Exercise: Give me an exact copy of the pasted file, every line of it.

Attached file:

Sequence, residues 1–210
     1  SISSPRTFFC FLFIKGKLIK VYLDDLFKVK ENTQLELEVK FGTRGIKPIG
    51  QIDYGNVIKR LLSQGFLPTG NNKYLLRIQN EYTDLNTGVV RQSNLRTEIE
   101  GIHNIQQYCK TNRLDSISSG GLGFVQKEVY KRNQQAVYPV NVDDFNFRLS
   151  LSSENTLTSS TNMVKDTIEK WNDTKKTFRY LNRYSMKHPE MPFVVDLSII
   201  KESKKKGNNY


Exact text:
Sequence, residues 1–210
     1  SISSPRTFFC FLFIKGKLIK VYLDDLFKVK ENTQLELEVK FGTRGIKPIG
    51  QIDYGNVIKR LLSQGFLPTG NNKYLLRIQN EYTDLNTGVV RQSNLRTEIE
   101  GIHNIQQYCK TNRLDSISSG GLGFVQKEVY KRNQQAVYPV NVDDFNFRLS
   151  LSSENTLTSS TNMVKDTIEK WNDTKKTFRY LNRYSMKHPE MPFVVDLSII
   201  KESKKKGNNY